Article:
Home » India, News, World » Google Miss: Why It Matters (And Why It Doesn’t) MarketBeat

Here’s why it matters. The earnings season has gotten off to a bit of a rocky start and bullish investors are increasingly nervous about signs of slowing growth and shrinking margins. Some companies have reported strong numbers – see Fairchild Semi, Fastenal, Alcoa – and still gotten punished.

All day today, Google was higher, but tech shares were mostly lower. Titans such as Apple, Microsoft, Cisco and Intel are all trading well off recent highs. Toss in the cool reception for Research in Motion’s new PlayBook tablet and the scene from techland, broadly defined, looks a little rocky. Google’s miss doesn’t help matters.

Here’s why it may not matter. Google famously doesn’t give the Street a lot of help with its earnings estimates. The range coming into this quarter was as low as $7.58 a share and as high as $8.56 a share. (The company reported earnings of $8.08 a share on an adjusted basis.) General Electric, another huge company, has a range of 27 cents a share to 30 cents a share. So, Google sometimes misses, usually crushes.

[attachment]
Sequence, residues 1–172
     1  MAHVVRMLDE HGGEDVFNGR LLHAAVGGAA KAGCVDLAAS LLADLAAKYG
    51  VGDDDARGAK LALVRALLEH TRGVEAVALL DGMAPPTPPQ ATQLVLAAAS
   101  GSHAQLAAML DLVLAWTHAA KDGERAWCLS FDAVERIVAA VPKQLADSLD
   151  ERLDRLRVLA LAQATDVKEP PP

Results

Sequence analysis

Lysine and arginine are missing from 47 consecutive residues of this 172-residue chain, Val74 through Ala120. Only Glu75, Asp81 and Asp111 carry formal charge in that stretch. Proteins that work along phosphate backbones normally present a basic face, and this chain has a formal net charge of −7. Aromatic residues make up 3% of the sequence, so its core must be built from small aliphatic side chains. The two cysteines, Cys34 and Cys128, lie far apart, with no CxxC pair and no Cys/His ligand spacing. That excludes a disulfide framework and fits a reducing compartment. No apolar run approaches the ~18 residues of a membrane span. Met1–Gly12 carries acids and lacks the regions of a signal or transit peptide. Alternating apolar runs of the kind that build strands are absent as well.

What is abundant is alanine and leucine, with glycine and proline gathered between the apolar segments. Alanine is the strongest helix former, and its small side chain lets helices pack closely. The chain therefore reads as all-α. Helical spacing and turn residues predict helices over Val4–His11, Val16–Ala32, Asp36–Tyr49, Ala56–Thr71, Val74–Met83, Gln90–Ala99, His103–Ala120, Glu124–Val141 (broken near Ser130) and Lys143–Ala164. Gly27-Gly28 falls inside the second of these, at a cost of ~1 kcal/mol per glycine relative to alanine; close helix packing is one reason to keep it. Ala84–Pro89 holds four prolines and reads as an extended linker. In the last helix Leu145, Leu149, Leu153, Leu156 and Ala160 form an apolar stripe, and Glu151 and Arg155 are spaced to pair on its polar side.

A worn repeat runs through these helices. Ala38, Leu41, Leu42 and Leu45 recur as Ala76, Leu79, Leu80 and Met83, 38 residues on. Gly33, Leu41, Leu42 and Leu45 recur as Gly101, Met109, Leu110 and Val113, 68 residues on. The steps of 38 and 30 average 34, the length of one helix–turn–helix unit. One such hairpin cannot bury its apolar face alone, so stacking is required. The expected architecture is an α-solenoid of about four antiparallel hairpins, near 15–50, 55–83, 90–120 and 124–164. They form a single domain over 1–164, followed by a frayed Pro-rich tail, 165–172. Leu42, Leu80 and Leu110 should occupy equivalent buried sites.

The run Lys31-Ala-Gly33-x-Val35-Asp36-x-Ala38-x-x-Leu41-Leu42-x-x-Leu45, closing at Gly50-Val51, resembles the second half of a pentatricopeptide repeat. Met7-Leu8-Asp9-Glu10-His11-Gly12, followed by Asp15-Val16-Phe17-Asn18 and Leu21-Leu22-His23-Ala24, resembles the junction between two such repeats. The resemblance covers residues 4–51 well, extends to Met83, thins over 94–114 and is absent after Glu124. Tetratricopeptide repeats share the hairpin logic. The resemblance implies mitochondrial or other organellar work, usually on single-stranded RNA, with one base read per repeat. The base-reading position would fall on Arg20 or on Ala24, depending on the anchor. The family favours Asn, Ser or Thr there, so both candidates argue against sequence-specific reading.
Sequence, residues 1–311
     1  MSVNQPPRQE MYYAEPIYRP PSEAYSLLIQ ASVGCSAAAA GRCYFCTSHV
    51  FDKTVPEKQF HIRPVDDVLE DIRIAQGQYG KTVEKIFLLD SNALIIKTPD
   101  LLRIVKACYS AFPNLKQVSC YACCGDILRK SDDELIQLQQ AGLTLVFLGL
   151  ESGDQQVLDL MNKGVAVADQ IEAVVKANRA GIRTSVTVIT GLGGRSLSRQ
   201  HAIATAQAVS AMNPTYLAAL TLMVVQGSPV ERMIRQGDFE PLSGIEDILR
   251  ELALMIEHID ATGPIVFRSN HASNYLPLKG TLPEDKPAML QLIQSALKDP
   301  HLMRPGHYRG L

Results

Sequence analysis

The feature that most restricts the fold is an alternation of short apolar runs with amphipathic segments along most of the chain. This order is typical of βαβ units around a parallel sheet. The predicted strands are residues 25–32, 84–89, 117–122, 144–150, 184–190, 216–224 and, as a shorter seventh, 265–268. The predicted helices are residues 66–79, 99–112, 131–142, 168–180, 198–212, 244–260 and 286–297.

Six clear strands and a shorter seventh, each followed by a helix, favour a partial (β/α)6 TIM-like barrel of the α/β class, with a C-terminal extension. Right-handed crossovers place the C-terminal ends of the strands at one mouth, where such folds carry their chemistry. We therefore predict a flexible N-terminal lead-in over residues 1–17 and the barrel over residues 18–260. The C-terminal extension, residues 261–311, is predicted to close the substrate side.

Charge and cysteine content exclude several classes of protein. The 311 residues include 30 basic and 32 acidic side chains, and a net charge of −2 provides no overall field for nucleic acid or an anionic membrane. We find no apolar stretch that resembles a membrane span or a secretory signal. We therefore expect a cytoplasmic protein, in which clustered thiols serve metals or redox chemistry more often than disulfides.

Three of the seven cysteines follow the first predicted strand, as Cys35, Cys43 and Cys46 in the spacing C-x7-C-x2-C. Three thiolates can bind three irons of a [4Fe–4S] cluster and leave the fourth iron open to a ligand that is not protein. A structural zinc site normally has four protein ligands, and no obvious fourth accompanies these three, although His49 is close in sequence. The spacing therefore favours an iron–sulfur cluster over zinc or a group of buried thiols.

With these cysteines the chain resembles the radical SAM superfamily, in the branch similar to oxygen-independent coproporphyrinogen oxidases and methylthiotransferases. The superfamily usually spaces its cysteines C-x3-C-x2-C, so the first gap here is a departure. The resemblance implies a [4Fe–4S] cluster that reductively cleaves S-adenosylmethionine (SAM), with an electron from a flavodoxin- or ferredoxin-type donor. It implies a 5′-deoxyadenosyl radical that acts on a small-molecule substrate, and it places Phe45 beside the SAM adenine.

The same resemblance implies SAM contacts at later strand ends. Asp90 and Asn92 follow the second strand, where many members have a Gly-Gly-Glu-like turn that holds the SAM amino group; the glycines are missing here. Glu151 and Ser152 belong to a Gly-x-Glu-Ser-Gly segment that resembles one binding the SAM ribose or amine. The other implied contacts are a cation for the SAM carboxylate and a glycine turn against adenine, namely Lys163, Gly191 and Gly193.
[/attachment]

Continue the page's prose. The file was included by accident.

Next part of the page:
At the same time, Google may appreciate something that Wall Street doesn’t. It has fallen behind competitors like Facebook in the ever-crucial zeitgeist war. The leaders of the zeitgeist war attract better talent, especially in Silicon Valley. Google – which continues to hire like crazy – knows it needs to play the long – and potentially expensive – game in order to compete against Facebook et al.

Today’s miss is real, and it present new challenges for CEO Larry Page. According to SEC filings, Mr. Page sold 55,556 shares at an average price of $573.14 through a previous planned automatic sales program. After hours, Google traded around $550.

The wall street journal report



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